This was the true inheritance from the British.

Even though some reports suggest that this was a 1950's cartoon, it was probably before January 26th 1950, when the Indian Constitution was adopted by the Indian Constituent Assembly. ToI suggests that this was a 1948 cartoon.  |  Copyright - Children's Book Trust; source and courtesy - outlookindia.com  |  Click for source image.

Even though some reports suggest that this was a 1950’s cartoon, it was probably before January 26th 1950, when the Indian Constitution was adopted by the Indian Constituent Assembly. ToI suggests that this was a 1948 cartoon. | Copyright – Children’s Book Trust; source and courtesy – outlookindia.com | Click for source image.

KM Munshi, India’s food minister travelled the world over, seeking food aid. In New York, he described India’s precarious situation as ‘ship-to-mouth.’ Indian Railway infrastructure was in tatters. Ghastly accidents occurred with numbing regularity. India built the entire system of Railways that we see today, over the next 40 years.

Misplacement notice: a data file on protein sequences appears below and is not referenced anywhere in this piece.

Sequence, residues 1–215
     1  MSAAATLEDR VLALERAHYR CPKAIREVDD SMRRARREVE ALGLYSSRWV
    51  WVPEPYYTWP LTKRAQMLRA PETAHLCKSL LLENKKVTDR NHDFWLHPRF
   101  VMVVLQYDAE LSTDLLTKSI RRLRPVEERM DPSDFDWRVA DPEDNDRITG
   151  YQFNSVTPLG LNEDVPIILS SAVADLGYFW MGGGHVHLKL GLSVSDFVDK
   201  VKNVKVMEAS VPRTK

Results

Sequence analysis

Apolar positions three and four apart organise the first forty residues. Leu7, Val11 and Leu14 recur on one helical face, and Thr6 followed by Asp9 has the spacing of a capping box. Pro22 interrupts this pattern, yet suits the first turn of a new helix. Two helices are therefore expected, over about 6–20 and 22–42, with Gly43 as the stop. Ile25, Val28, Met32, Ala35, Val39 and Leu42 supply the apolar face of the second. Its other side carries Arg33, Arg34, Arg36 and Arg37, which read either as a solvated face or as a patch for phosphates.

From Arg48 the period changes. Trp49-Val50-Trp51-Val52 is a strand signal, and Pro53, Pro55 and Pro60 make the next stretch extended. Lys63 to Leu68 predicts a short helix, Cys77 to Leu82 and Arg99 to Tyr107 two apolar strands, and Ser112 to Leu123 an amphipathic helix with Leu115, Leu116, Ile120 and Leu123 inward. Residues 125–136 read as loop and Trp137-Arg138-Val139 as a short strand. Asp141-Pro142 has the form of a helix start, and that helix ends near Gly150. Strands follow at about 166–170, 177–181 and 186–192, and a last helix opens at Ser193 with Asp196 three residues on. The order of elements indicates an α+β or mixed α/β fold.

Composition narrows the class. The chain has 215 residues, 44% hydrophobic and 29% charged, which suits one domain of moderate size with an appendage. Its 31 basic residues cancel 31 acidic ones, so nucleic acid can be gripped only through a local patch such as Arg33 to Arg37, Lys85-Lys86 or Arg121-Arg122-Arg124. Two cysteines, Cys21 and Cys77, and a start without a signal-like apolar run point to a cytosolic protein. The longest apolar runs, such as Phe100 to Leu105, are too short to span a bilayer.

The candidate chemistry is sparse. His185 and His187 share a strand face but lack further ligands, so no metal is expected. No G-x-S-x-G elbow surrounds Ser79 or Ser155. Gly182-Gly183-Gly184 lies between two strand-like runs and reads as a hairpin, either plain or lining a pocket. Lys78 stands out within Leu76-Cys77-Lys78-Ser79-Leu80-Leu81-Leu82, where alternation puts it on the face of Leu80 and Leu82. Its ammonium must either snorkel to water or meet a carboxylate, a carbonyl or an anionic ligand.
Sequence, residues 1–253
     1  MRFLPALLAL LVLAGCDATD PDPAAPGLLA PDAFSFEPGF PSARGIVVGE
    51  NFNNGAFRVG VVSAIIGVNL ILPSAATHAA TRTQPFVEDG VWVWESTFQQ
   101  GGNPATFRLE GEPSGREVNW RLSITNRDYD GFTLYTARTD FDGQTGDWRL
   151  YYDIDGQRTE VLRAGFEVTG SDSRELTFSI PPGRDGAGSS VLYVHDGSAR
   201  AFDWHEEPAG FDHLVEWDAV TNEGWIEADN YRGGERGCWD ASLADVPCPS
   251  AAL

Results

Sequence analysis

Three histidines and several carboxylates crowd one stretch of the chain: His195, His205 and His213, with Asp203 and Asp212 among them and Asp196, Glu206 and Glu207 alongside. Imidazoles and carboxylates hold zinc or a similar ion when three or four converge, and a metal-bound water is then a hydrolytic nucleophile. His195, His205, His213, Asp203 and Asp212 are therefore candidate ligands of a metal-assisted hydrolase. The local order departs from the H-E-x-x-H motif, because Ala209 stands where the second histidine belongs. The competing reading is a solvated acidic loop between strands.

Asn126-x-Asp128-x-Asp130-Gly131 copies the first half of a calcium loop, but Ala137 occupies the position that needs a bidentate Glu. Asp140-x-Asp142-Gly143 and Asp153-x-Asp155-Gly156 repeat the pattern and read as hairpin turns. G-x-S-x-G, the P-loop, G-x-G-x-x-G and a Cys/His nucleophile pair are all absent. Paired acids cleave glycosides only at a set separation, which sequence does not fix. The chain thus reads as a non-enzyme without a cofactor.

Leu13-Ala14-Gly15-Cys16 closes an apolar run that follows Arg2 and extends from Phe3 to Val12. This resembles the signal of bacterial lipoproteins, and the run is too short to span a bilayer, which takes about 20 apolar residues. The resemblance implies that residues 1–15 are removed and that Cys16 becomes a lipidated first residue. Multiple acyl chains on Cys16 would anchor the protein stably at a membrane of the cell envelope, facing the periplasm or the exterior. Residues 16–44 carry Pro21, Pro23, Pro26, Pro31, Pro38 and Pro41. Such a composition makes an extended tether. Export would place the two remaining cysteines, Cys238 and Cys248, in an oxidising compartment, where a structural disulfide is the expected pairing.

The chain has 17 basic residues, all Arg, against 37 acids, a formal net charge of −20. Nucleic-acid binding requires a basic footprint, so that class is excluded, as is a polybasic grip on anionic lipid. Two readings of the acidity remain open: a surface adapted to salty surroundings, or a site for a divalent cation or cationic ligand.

MN Roy (founder of Indian Communism), Homi Mody (industrialist) represented realism of the time.

At that time in history, it seemed pragmatic to support the Raj.

A little further

While on the subject of British legacies and inheritances, next door Pakistan had exactly the same inheritance as India.

The Pakistani experience on constitution writing is illustrates the ‘value’ of the British legacy.

There will be many commentaries, to explain Pakistan’s lurch from crisis to crisis, dictatorship-to-dictatorship.

A recent article in Pakistan’s The Dawn makes for interesting reading.

Cartoon by Zahoor

Cartoon by Zahoor

Prime Minister Liaqat Ali is accredited with a number of ground breaking contributions. He decided to ally with the US in the Cold War divide; quashed a coup attempt by communists; promoted General Ayub to the highest rank and fought a war with India over Kashmir to name just a select few. His government ruled on ad hoc basis under temporary laws as it could not formulate and build a consensus on a constitution for the country